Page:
Differences Within Your Own Side Are Helpful - BCB #13
"Fear not the enemy who attacks you, but the false friend who embraces you."
Acting with a single mind is a clear advantage, but calls for unity and solidarity can also mean suppression of internal dissent. Unfortunately, this also marginalizes the moderates and reduces the nuance needed to diffuse conflict. This conformance pressure is playing out in different ways in Red and Blue culture.
On the Red side, the old slur of “Republican in Name Only” or RINO has come back into fashion. But that’s playing nice by current standards. “Cuckservative” may have begun as a white nationalist insult (think miscegenation), but it has become a much broader epithet for Jeb Bush-style elites, or just those who are a bit too friendly with the libs. Meanwhile, the GOP has become a party where public criticism of Trump can be career-ending. On both the personal and political level, MAGA leaves little room for debate.
Blue-on-Blue infighting is perhaps better known. What we now call cancel culture has had a long history under many different names, as we explored in Issue 8. Today, with the dominance of Blue manners in corporate, academic, and non-profit institutions, a wrong step can amount to professional and social suicide. This conformance pressure is often one part earnest belief and one part hypocrisy, but that’s not new either. Phil Ochs’ 1966 folk song “Love Me I’m a Liberal” comes from a different era of left factionalism, but it’s still scathing today (“I love Puerto Ricans and Negros / as long as they don't move next door.”)
Today’s Red and Blue ideologies have both been compared to cults. We’ll tackle that dimension in a future issue, but conflict itself has always inspired the closing of ranks. If you believe that the stakes are nothing less than extinction, compromise is treason. Of course, civil contact with the enemy is also the only avenue to future peace, which is why it’s so important to preserve diversity of thought – and action – within each side.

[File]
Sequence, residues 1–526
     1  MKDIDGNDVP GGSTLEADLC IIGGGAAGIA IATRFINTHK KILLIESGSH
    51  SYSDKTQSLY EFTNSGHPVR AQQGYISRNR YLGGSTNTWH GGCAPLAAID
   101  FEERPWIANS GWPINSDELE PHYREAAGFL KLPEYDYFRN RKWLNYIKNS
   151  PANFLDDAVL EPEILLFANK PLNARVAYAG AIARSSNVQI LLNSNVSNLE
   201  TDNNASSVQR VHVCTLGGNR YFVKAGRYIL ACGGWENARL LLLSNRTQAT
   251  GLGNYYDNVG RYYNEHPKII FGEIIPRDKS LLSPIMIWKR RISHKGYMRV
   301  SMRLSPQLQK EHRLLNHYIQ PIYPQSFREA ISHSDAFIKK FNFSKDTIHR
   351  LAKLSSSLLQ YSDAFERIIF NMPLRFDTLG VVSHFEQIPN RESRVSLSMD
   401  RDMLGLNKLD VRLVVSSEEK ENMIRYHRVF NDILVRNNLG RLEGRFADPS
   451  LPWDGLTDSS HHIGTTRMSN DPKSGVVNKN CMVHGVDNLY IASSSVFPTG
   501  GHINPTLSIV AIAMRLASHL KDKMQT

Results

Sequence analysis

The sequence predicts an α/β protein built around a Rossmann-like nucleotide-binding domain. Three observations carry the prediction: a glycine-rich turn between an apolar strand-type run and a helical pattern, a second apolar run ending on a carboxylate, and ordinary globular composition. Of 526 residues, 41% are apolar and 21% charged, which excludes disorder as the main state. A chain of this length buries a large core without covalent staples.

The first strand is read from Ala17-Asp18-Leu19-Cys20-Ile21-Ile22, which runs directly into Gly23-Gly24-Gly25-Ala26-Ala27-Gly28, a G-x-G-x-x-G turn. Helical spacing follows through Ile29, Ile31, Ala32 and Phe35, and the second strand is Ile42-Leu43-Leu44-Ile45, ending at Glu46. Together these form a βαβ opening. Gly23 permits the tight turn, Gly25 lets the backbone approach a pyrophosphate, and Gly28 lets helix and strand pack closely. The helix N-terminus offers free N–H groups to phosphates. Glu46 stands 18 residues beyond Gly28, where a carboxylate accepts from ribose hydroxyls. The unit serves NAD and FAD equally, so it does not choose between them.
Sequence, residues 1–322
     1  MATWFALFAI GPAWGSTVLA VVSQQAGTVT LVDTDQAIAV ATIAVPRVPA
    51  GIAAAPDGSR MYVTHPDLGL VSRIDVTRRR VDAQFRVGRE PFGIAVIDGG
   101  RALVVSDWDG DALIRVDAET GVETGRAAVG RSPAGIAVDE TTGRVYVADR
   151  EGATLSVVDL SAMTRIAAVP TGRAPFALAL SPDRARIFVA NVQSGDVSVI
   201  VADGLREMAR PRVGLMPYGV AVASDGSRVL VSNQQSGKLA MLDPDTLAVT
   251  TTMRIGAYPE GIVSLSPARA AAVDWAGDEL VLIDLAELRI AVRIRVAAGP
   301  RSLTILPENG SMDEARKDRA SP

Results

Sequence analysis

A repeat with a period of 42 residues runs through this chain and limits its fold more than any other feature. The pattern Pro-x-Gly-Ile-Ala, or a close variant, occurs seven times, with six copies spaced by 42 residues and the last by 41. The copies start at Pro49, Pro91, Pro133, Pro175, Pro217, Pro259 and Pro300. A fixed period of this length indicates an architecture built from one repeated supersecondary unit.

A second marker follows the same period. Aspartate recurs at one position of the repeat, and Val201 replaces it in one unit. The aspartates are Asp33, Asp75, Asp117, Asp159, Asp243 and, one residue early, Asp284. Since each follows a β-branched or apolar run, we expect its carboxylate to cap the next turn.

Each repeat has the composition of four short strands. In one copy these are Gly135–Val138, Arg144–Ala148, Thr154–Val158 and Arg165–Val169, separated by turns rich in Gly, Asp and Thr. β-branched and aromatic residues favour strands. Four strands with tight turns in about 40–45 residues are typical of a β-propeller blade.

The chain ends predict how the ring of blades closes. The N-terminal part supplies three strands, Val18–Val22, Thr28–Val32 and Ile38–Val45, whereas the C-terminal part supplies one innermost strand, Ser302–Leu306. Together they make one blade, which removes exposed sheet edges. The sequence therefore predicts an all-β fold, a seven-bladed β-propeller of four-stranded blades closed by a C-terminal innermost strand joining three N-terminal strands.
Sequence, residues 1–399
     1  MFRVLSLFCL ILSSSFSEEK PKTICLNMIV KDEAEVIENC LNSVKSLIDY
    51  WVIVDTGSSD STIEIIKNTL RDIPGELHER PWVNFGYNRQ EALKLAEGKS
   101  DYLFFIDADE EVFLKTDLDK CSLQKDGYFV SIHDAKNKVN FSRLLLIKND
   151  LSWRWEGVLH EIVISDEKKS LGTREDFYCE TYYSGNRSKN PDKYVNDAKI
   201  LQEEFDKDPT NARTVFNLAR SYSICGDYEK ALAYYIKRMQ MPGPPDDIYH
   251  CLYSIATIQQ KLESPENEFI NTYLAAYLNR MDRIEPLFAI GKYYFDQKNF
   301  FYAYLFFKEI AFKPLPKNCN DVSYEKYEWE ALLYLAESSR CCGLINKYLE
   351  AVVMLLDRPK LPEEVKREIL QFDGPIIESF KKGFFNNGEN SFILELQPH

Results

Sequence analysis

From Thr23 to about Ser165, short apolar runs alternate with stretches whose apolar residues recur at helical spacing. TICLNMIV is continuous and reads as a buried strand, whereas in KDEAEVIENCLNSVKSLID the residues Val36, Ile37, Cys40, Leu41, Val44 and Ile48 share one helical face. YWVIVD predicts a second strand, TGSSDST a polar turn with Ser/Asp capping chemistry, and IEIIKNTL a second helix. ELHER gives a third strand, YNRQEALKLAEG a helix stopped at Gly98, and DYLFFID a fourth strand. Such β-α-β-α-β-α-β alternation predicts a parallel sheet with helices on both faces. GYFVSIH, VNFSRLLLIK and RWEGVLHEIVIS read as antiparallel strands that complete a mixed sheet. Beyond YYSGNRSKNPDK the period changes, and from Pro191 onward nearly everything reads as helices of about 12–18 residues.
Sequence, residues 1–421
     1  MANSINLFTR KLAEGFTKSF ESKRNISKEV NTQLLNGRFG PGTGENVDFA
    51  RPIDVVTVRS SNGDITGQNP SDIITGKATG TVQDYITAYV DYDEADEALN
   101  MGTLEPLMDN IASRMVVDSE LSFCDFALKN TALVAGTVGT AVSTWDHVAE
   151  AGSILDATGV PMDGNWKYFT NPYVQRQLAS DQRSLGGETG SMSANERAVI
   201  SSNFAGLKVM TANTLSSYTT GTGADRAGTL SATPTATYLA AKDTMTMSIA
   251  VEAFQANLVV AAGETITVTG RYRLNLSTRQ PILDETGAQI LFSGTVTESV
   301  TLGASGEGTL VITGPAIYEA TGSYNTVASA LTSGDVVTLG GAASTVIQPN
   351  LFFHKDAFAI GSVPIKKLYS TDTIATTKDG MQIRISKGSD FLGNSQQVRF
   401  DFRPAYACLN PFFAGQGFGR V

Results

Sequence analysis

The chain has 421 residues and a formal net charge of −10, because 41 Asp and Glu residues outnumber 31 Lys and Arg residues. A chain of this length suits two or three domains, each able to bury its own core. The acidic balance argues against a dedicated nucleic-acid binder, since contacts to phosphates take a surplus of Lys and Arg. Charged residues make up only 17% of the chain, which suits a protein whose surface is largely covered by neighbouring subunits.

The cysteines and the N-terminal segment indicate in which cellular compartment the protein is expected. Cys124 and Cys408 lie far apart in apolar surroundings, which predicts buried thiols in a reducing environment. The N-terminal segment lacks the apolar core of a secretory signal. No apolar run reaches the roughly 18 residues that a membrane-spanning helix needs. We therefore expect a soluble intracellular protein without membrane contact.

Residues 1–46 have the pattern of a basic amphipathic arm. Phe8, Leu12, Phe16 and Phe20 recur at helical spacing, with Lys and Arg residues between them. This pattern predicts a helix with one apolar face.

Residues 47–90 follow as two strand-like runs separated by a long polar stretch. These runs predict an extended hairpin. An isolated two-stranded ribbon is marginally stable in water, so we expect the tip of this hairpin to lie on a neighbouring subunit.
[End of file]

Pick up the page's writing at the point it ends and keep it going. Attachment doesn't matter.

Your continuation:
The resurgence of “RINO” is reflective of how in-groups and out-groups are established within a movement. This term is older than you might think, and while it fell out of favor in the 2000’s, Trump is bringing it back.
“I remember a moment well when someone said, ‘You’re telling me these voting machines weren’t connected to the internet?’ I looked out at the crowd and just knew the true answer was going to be wildly unpopular with at least 48 of the 50 people who were there.”
“Leftism and liberalism are distinct political categories with different histories,” at least in British politics. “It’s the difference between a candidate who believes capitalism, with just a little refereeing, will eventually provide what working people need, versus a candidate who believes serious intervention in the capitalist economy is necessary.”
New and Interesting
If you don’t understand how anyone could find student debt cancellation objectionable, try this essay from someone who chose an inferior education because they didn’t think they’d ever be able to repay a loan.
This careful review of 12 previous studies finds that trigger warnings don’t really do anything, not even for the genuinely traumatized people they are designed to help. However, they do make people slightly more likely to read the material.
As part of the Trusting News project, journalists used an interview guide to conduct conversations with journalism skeptics. The advice gleaned from these sessions: Be consistent, avoid stereotypes, and commit to staffs that are intellectually and geographically diverse.
“Radical scholactivism” is defined here as “a ‘research’ project whose hypothesis the ‘researcher’ is irrefutably committed to confirming even before the research has begun.” The argument is not that scholars shouldn’t act, but that merging activism with scholarship will actually harm the pursuit of justice.
Quote of the Week
“Politics is a set of worded opinions. But it should never become sets of worded abuse.”
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